We have shown that MYL9 is an MLC that is critical for the function of smooth muscle and that deficiency is neonatal lethal in mice. This restriction just to smooth muscle was somewhat unexpected given the reports of MYL9 functioning in a diverse range of cell types and the ability to interact with a different MHC, both in muscle and non-muscle. Moreover, it was principally thought to be an important non-muscle myosin component . MYL9 deficient mice was also reported recently by another group . They observed the same neonatal lethality, distended bladder and shortening of the small intestine that we described. Thus, MYL9 is clearly has important physiologic functions.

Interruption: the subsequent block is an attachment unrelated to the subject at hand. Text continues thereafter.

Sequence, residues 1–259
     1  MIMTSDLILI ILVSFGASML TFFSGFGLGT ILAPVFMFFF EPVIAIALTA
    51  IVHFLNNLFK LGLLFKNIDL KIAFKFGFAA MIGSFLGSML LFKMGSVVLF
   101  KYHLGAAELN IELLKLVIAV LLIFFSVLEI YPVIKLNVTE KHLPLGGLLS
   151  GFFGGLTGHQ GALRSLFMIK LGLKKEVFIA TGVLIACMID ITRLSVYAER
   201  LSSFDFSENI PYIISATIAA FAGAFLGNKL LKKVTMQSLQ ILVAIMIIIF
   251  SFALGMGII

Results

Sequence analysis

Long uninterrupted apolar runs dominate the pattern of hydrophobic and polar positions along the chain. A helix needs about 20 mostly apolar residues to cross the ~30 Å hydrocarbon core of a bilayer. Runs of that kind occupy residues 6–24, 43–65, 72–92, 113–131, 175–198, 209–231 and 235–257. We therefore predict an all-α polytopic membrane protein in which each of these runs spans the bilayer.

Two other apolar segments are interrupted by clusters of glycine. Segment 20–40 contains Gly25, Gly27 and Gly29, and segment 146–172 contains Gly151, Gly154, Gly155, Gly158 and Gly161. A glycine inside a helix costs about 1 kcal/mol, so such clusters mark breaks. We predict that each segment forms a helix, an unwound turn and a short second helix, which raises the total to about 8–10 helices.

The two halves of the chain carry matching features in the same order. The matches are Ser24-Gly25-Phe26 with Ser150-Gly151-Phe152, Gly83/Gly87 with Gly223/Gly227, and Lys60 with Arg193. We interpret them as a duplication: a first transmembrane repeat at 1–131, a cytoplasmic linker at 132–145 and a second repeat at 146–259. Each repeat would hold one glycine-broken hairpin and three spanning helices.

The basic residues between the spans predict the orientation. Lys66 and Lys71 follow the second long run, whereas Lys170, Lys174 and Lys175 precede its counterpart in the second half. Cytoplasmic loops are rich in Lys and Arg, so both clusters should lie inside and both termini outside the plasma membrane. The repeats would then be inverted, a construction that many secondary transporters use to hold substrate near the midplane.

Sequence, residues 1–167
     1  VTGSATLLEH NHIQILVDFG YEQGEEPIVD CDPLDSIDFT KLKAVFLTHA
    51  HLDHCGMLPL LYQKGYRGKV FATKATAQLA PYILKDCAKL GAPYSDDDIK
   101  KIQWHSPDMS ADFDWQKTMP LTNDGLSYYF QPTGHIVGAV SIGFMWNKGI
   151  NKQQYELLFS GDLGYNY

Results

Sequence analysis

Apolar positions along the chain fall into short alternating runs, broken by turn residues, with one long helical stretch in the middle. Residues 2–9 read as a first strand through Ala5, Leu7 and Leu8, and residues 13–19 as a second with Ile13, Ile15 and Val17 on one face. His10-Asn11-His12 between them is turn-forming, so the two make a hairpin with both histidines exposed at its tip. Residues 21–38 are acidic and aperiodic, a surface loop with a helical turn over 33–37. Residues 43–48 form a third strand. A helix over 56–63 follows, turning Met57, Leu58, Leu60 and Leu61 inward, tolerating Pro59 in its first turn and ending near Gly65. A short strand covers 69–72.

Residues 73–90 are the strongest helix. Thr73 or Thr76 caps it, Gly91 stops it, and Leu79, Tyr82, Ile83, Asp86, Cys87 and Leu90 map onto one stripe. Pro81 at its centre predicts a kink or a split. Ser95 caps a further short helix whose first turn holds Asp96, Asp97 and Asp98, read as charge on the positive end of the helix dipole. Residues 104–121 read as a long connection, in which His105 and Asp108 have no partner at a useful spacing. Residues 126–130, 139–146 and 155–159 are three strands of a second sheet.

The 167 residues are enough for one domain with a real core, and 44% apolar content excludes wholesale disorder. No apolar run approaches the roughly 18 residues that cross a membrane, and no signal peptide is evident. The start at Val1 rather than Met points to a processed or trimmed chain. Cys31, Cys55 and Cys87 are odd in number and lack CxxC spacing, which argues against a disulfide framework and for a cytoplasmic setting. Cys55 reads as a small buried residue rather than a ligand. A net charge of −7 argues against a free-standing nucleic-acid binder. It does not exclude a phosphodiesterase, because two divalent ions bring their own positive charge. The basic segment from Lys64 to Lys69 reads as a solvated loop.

Megacystis–microcolon–intestinal hypoperistalsis syndrome (MMIHS) is a severe disease characterized by impaired muscle contraction of the intestine and the bladder, resulting in hypoperistalsis and megacystis during the perinatal period . This is a sporadic condition and is most frequently associated with de novo mutations in ACTG2, which encodes for γ-smooth muscle (γ-SMA) [21, 22]. Mutations in MYH11, which encodes for a myosin II MHC isoform, have also been shown to cause MMIHS . However, two independent studies recently found an association of MMIHS with MYL9 gene mutations. One study identified a patient with homozygous deletion of MYL9 , while the other identified a patient with compound heterozygous loss of function mutations . Bronchopulmonary dysplasia was also observed in one of these patients . These phenotypes in the intestine, bladder and lung are consistent with those seen in Myl9-/- mice. This confirms that MMIHS can indeed be caused by mutations in the MYL9 gene. This also suggests that intestine and bladder dysfunction are the most likely cause of the neonatal lethality in Myl9-/- mice. Moreover, intestinal and bladder abnormalities and neonatal lethality occurs in Myh11-/- mice .